Research consistently shows that the more involved a father is, the more successful his child is. Yet, winning primary or joint custody in a divorce case can be difficult for dads, even with the courts’ increasingly progressive views of co-parenting. Though it’s commonly believed that mothers “always” win primary custody, dads who prove their involvement and commitment in their child’s life can make an equally compelling case in today’s legal system. There are a number of proactive steps you can take to improve your chances of obtaining custody during your divorce and/or for a modification after that are the focus of this blog post.
Have a Plan
Simply wanting custody rights is not enough to plead your case. A judge needs to see that you have a plan for caring for your child(ren), which includes:
- Securing a consistent job (if not already)
- Preparing your (new) home for kids with beds, clothing, baby-proofing, etc.
- Planning for the child’s healthcare, schooling, insurance, or daycare/after school needs
More than just having these plans in writing, acting to prepare for your child will demonstrate your commitment to the judge.
Half the battle of winning custody is just being there. This means showing up to and complying with any and all court mandates. But, even more importantly, it means being present for your son or daughter at all other times when you can. When a judge sees that you are in regular contact with the child, are involved with their school and extracurricular activities, and committed to their well-being, you are more likely to win the court’s approval. Keeping records of visits, phone calls, appointments you’ve taken them to, and even pictures of spending time together can help you make your case.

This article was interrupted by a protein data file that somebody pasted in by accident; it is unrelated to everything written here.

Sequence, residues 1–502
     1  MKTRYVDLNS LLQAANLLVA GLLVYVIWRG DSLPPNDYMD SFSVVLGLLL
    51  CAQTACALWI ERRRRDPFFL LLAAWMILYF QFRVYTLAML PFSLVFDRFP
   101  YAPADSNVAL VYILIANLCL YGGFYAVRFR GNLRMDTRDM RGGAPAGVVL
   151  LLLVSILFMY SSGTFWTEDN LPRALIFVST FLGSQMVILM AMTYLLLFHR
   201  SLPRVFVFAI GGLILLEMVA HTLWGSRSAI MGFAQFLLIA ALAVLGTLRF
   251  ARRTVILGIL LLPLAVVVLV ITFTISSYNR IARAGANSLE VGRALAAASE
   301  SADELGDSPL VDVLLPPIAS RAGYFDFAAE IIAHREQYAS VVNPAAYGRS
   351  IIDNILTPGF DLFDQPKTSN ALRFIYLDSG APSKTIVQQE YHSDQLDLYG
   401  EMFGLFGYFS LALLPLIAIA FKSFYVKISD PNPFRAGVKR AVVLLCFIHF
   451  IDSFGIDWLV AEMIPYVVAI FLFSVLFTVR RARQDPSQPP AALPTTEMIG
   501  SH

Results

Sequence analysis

Try to Maintain a Civil Relationship with the Mother
Yes, it can be difficult. But maintaining a civil and cooperative relationship with your ex is not only better for making your case as a supportive parent, it’s crucial for the child’s emotional well-being. Kids who feel like they’re caught in the middle are more likely to experience depression and anxiety. Cooperating with the mother and not exposing the child to tense conversations will prove best for them in the long-run.
Keep Accurate Records
More and more cases are being won or lost on texts, emails, and phone recordings to the extent allowed by law. Instead of risking custody in a “he said, she said” battle, keep written proof of conversations with the mother and interactions with your child, including:
- Phone calls
- Emails and texts
- Monetary support and gifts other than child support
- Activities you attend, such as church, school, doctor’s appointments.
- Changes in circumstances or arrangements
Put the Child’s Needs First
Remember: it’s not about winning. It’s about ensuring that your child is well cared for in a positive environment. Be honest with yourself about your intentions and consider which arrangement will result in the most positive long-term effects for your child(ren). Kids are perceptive and impressionable. Keep in mind that your actions and behavior during the divorce will stay with your child (and probably the judge through the evidence) and may influence their opinions and outlook on the family for years to come. Courts make custody decisions in the child’s best interests. If you focus this way your custody case becomes that much stronger.
Don’t risk custody with unreliable legal advice or a do-it-yourself divorce. Work with knowledgeable and experienced attorneys you can trust from Ciyou & Dixon, P.C. Contact us today at (317) 913-2875 to get started.
This blog is written by attorneys at Ciyou & Dixon, P.C. who handle domestic cases of all types throughout the state. This blog is written for informational purposes only and is not intended as legal advice. It is an advertisement.